On appeal from Superior Court of New Jersey, Law Division, Bergen County, Docket No. L-3113-07.
NOT FOR PUBLICATION WITHOUT THE APPROVAL OF THE APPELLATE DIVISION
Argued February 14, 2011 - Decided Before Judges LeWinn and Coburn.
Defendant, American Trucking and Transportation Insurance Company (American Trucking), appeals from the November 13, 2009 judgment confirming an arbitration award in favor of plaintiff,
IFA Insurance Company (IFA), in the amount of $101,914.68 plus prejudgment interest and costs. American Trucking claims the judge applied the wrong standard of review to the arbitration award and that the arbitrator erred in failing to apply comparative negligence principles in determining his award. We affirm.
IFA's insured, Donika Lamcaj, was injured when her car was involved in an accident with a truck driven by Harold Mercer, which was insured by American Trucking. IFA paid personal injury protection (PIP) benefits to Lamcaj and then filed a complaint against American Trucking seeking reimbursement and requesting binding arbitration, pursuant to N.J.S.A. 39:6A-9.1.*fn1
American Trucking filed an answer in which it raised seventeen affirmative defenses, including comparative negligence.
On November 5, 2007, the judge entered an order compelling arbitration and naming an arbitrator to "decide what amount of money is owed by [American Trucking] to [IFA]." Arbitration was held on August 19, 2009. Lamcaj and Mercer testified. Both parties submitted exhibits, arbitration statements and written summations.
The arbitrator issued his decision on September 25, 2009. After reviewing the testimony and assessing the credibility of the witnesses, the arbitrator found that "Mercer operated his tractor trailer in a negligent manner and as a result, proximately caused the accident." With respect to American Trucking's request to apply comparative negligence principles, the arbitrator concluded that IFA's "claim under N.J.S.A. 39:6A-9.1 [wa]s for reimbursement and not a subrogation claim and therefore, the princip[le]s of comparative negligence d[id] not apply." The arbitrator awarded IFA $101,914.48, the total amount indicated on IFA's PIP ledger.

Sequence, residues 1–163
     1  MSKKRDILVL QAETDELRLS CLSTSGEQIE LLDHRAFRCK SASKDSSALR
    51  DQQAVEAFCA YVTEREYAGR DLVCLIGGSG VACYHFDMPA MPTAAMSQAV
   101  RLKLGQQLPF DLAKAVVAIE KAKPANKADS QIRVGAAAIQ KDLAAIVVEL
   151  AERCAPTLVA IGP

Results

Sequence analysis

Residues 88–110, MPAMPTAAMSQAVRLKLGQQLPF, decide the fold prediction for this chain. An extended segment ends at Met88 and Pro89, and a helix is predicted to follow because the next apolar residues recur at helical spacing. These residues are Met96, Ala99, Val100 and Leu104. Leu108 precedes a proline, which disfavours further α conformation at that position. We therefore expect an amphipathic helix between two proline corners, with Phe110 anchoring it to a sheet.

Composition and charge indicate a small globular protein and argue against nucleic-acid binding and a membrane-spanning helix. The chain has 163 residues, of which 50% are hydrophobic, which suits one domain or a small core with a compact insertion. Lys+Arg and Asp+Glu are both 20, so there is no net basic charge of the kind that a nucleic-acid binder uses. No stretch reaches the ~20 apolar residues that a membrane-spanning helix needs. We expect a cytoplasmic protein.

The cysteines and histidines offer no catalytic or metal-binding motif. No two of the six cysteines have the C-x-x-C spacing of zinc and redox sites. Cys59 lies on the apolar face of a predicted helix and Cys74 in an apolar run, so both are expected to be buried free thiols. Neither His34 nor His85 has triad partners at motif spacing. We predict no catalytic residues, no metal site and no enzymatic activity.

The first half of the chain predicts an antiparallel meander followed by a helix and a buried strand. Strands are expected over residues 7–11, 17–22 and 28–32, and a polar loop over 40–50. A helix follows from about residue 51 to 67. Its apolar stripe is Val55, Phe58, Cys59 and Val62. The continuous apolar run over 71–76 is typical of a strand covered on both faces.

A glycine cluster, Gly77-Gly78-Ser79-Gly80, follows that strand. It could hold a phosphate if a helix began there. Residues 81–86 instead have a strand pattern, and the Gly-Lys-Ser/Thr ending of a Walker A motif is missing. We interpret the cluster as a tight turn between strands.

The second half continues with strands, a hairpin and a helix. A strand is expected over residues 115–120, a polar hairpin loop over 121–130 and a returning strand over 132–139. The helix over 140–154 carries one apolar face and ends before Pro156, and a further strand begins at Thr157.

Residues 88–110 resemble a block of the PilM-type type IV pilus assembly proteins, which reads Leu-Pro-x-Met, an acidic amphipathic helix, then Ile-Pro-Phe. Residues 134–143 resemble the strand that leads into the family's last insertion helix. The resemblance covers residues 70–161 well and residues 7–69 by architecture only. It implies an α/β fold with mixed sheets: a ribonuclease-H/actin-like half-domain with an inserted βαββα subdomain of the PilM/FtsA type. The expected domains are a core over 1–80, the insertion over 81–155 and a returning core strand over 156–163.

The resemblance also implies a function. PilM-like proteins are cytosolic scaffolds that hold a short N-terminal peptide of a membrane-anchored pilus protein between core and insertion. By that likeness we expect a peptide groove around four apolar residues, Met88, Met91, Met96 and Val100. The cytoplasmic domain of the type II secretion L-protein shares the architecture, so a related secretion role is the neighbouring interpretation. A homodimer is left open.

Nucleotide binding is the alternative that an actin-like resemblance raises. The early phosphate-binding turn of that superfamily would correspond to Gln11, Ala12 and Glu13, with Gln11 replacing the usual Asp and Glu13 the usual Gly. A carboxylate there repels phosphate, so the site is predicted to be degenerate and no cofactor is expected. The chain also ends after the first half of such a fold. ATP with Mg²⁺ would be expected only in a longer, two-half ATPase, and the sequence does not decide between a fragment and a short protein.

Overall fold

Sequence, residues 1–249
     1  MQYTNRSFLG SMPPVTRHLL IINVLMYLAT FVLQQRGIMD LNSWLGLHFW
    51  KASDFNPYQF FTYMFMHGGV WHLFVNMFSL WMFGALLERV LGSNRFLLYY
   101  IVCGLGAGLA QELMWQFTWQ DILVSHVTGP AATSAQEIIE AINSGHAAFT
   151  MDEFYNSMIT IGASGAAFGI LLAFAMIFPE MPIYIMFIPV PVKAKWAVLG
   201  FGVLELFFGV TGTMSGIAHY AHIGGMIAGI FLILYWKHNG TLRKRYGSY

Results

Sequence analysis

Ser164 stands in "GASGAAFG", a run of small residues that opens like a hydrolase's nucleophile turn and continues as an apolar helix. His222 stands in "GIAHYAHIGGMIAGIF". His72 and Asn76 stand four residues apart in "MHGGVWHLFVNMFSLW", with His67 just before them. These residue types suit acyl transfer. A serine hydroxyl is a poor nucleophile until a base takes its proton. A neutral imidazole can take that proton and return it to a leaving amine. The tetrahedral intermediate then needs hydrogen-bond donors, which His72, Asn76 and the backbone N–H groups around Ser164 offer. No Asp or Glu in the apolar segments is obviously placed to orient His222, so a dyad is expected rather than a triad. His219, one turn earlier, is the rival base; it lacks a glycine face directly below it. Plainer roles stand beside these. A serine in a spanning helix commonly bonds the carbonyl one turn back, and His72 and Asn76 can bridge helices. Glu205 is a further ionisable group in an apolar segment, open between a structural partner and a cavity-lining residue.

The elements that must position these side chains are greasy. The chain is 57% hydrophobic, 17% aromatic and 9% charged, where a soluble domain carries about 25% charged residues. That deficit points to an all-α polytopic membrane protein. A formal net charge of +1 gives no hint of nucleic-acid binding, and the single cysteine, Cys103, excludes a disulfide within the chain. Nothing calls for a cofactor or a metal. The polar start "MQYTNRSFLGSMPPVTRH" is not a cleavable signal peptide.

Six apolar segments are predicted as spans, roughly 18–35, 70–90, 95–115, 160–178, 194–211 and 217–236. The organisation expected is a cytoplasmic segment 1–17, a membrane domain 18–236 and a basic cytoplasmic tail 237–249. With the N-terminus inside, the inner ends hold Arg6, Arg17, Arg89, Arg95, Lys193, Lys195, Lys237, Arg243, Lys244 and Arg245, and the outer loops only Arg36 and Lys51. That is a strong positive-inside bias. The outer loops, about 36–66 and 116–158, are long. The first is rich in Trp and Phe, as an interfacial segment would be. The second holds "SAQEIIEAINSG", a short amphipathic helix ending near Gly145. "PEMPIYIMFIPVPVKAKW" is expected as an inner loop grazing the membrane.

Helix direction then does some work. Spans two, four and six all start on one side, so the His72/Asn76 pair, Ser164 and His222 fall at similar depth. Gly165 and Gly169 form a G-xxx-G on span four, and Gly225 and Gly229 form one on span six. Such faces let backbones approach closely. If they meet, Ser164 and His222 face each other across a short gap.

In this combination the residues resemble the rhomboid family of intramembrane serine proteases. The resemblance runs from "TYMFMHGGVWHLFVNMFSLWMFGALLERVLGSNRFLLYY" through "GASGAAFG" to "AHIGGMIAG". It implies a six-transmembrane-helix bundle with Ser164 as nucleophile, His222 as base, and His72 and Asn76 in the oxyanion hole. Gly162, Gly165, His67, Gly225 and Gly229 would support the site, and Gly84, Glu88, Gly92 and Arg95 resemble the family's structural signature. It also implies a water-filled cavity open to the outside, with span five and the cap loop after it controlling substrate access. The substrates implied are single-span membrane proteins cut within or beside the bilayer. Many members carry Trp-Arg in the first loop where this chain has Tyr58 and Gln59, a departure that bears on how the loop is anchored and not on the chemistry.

On September 29, 2009, IFA filed a motion to confirm the arbitration award. American Trucking filed a certification opposing the motion and seeking to vacate the award.
At oral argument on the motion, the judge asked counsel for American Trucking if she was aware of any legal support for her position that N.J.S.A. 39:6A-9.1 "requires a finding of comparative negligence or no comparative negligence[.]" Counsel responded that she was "not aware of any." The judge determined that American Trucking had the burden to demonstrate "that there was some fraud that was committed" in the arbitration in order to vacate the award, citing N.J.S.A. 2A:24-8.
The judge entered judgment in favor of IFA on November 13, 2009, and appended a statement of reasons, noting that the "scope of judicial review of [an] arbitration award, where one party seeks to confirm the award and the other seeks to vacate it, is severely limited. The award here may be vacated 'only in [the] case of fraud, corruption or similar wrongdoing as provided by the arbitration statute,'" again citing N.J.S.A. 2A:24-8.
Turning to the issues raised on appeal, we concur with American Trucking that the judge applied an incorrect statute to his review of the arbitration award. N.J.S.A. 2A:24-8 applies to arbitration of collective bargaining agreements. N.J.S.A. 2A:24-1.1 provides that "[N.J.S.A.] 2A:24-1 through [N.J.S.A.] 2A:24-11 shall only apply to an arbitration of disputes arising from a collective bargaining agreement or a collectively negotiated agreement."
American Trucking contends the judge should have applied N.J.S.A. 2A:23B-23, which is found in the version of the Uniform Arbitration Act adopted in New Jersey in 2003. N.J.S.A. 2A:23B-1 to -32; L. 2003, c. 95 (the 2003 Act). American Trucking refers particularly to the standard in that statute which provides that an arbitration award may be vacated if "an arbitrator has exceeded [his/her] powers." N.J.S.A. 2A:23B-23(a)(4). It argues that "the arbitrator exceeded his powers by issuing an award which is not recoverable under New Jersey law in that he failed ...